On Being Pagan

The volleys in the war to define paganism are many and great. It is an on-going thing on the pagan blogosphere right now (I have contributed myself here, here, here, here, and here), and I happen to think there is good reason for it.

But then I came across this interesting blog post from Inominandium, who discusses being perceived as not-pagan:

I think it would be accurate for some people to say that I don’t fit their definition of Pagan, but so would lots of other Pagans.  I did mention in a post recently that this was not a Pagan blog and thus had different concerns when it came to the spirit/fiction debate, but it’s not a Buddhist blog or Gnostic blog either.

I mean, you can decide I am not Pagan because I am a Gnostic Bishop, but so is J.M. Greer and a half dozen other Pagan elders I know. You can say that because I am a Buddhist I am not Pagan, while it is true that I do not take refuge in Gods, I do practices that honor many many Gods and Spirits. At the moment I am writing a chapbook on Planetary Magic with 49 Hymns that focus on the Greek Gods associated with the planets. Chronos didn’t care that I am also a Gnostic Bishop and Tantrika when I made offerings to him this morning.

Good points, and similar to some thoughts that have already been brought up. But then we get his with this gem:

In a way the current myopic focus on the details of ones belief that is dominating the  Pagan conversation at the moment is actually a very un-pagan thing. In classical paganism, religion was much more about what you did (like honoring holidays and offering sacrifice to the gods) than it was about what the details of your personal theology were. If anything this focus on belief as the key factor of who is Pagan and who is not is kind of, well, Christian.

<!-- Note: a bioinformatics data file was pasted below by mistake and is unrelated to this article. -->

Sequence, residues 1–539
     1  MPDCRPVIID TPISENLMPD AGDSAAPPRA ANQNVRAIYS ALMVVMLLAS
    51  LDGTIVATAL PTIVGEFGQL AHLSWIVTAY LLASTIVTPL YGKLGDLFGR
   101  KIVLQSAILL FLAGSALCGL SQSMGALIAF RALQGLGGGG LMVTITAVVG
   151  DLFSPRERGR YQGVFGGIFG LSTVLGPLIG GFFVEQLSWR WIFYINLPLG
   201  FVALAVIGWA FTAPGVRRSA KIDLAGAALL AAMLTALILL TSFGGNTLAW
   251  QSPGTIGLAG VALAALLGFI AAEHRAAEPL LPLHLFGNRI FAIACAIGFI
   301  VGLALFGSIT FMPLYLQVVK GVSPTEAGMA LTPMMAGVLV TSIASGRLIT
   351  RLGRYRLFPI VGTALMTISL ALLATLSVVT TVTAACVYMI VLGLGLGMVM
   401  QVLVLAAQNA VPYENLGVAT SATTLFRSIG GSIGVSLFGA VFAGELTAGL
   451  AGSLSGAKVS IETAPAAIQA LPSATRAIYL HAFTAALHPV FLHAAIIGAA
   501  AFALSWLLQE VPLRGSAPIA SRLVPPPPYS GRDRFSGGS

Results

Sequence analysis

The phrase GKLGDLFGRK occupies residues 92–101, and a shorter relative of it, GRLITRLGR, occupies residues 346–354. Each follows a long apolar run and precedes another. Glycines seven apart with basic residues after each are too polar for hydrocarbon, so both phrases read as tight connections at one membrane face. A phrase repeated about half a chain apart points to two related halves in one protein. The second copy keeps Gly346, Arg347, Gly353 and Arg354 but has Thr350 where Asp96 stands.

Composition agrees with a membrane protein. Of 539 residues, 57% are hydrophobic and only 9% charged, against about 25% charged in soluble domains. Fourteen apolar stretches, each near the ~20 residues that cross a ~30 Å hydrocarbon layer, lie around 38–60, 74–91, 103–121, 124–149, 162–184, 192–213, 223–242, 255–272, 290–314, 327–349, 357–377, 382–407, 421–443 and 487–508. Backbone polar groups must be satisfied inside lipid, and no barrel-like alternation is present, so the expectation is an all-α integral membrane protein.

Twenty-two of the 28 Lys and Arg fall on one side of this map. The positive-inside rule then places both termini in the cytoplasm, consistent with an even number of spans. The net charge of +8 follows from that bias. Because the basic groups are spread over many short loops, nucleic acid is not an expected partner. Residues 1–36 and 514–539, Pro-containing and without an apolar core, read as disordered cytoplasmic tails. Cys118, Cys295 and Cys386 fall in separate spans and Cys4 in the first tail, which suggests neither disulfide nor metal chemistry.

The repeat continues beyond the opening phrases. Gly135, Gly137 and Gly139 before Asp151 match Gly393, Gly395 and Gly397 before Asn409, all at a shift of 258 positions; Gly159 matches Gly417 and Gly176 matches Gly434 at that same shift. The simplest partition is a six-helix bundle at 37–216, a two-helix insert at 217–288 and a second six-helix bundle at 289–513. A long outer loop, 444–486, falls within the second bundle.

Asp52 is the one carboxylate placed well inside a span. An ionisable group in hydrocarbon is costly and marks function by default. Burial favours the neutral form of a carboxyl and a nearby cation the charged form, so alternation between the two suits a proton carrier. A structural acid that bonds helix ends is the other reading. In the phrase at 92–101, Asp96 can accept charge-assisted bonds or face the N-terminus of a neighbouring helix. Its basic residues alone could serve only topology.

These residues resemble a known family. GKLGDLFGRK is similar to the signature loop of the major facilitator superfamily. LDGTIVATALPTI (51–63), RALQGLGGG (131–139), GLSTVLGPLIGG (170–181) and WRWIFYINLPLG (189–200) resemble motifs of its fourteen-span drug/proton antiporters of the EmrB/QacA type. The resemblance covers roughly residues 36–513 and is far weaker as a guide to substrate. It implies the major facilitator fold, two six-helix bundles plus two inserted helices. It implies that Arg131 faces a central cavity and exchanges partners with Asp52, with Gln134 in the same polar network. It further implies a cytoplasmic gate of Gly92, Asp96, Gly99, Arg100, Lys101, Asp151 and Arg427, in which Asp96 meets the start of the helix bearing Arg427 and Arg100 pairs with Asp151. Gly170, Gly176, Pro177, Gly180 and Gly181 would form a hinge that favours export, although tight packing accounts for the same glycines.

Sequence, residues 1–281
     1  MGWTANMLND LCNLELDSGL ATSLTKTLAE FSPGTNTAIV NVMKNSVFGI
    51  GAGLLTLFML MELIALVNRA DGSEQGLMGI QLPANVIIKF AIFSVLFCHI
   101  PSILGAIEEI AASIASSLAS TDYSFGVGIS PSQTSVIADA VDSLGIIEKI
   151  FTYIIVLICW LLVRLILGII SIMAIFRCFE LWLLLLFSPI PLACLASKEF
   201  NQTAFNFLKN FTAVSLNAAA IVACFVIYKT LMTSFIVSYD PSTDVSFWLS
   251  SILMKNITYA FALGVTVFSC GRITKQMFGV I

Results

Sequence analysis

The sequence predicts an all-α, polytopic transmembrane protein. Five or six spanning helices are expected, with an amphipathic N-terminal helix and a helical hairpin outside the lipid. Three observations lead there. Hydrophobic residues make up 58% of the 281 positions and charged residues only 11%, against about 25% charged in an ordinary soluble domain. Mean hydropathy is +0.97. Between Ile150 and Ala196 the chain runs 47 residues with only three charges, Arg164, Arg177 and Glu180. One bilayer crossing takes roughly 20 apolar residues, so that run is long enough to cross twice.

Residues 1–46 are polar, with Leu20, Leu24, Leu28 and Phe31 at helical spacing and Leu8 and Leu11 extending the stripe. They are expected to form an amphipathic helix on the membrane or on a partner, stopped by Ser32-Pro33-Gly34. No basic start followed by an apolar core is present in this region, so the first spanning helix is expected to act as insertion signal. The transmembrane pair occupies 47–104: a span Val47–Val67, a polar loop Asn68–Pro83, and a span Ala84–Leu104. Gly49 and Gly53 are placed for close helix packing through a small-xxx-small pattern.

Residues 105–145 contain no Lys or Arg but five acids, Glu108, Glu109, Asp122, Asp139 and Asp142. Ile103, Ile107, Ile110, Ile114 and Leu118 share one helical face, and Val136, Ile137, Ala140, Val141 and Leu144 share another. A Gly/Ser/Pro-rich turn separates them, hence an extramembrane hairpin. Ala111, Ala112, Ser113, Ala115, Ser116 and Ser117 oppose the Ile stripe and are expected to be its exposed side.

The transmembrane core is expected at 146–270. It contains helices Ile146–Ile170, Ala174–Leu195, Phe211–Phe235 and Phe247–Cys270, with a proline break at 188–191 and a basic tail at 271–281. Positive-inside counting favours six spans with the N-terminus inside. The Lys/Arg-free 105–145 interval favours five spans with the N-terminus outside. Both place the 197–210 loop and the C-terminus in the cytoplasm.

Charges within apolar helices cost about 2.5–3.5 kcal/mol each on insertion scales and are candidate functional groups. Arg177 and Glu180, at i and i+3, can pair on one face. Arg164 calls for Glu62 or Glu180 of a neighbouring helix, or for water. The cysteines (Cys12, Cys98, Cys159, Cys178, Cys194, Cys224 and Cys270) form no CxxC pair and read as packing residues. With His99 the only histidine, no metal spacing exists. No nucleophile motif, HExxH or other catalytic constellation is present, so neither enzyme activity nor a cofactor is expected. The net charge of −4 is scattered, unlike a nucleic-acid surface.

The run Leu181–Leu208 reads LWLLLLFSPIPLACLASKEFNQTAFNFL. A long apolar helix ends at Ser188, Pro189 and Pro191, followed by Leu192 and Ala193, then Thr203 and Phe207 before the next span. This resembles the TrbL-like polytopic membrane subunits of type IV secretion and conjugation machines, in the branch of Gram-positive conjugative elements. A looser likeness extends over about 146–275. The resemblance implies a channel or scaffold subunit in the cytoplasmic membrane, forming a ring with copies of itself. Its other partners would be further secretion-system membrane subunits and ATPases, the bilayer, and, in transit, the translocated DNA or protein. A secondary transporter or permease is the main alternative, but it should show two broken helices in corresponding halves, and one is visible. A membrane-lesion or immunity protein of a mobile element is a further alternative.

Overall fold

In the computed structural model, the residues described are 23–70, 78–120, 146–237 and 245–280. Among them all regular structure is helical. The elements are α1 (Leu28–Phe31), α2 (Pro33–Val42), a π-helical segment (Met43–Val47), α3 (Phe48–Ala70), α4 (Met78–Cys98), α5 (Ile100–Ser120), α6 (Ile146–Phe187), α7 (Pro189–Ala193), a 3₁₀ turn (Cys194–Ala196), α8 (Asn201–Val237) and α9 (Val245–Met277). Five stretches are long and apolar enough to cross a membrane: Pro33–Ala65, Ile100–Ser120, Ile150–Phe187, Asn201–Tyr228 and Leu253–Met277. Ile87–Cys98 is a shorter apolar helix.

Religion did not exist as a thing until the Enlightenment. That is not to say that we didn’t do religious things or have religious ideas, but the label “religion” wasn’t really there. As a distinct category or life, it wasn’t labeled. At most, it probably would have been called “tradition.” The ancient Greeks and Romans didn’t really have words for religion, because what we consider religion was so deeply entrenched in life that it was inseparable as a concept.

So for much of history, what we call paganism was more of a default setting. You may have had different ways of dealing with the gods, or conceiving of them, or different experts who petitioned them. No one generally cared. When most people traveled from one place to another, they abided by the customs and traditions of that place. There wasn’t much worry about labels.

Christianity did kind of change all that. You had to be a Christian, that is to say, a follower of the Christ. Which meant certain rituals and beliefs had to be entertained, and certain ones were no longer allowed. I suppose Judaism started that mindset, but it was always a minority religion and was regarded as pretty much an oddity to be tolerated on occasion by the rest of the pagan world. But Christianity pushed it, and as it became dominant, reinforced that mindset of belonging to the right group with the right beliefs.

Ancient pagans wove their cults into their community and culture. It was part of what everyone did to come together. Religious and political identity were one. Christians transcended that to a degree. Religion still defined the community, but now did so primarily by belonging to the correct religion.

What I’m getting that is that ancient pagans didn’t worry about how paganism was defined. Because it wasn’t at all – it was assumed. Christianity began the work of defining and labeling religion, is that they could ensure boundaries and identities were proper. Pagans didn’t really give a shit.

I still think that defining and labeling paganism as a concept is important, but that’s mostly because the dominant Abrahamic religions have made it so. As a minority group, we need to be sure where our borders are — well, mostly. But that is still allowing Christians (and Mulsims) to set the frame of the debate. As we gain in numbers, perhaps defining ourselves strongly will become less important instead of more so.

So am I pagan? I guess so. I don’t know that it matters much anymore.



2 responses to “On Being Pagan

  1. Pingback: What Being Pagan Means to Me | Blacklight Metaphysics

  2. Pingback: The Pagan Community | Blacklight Metaphysics

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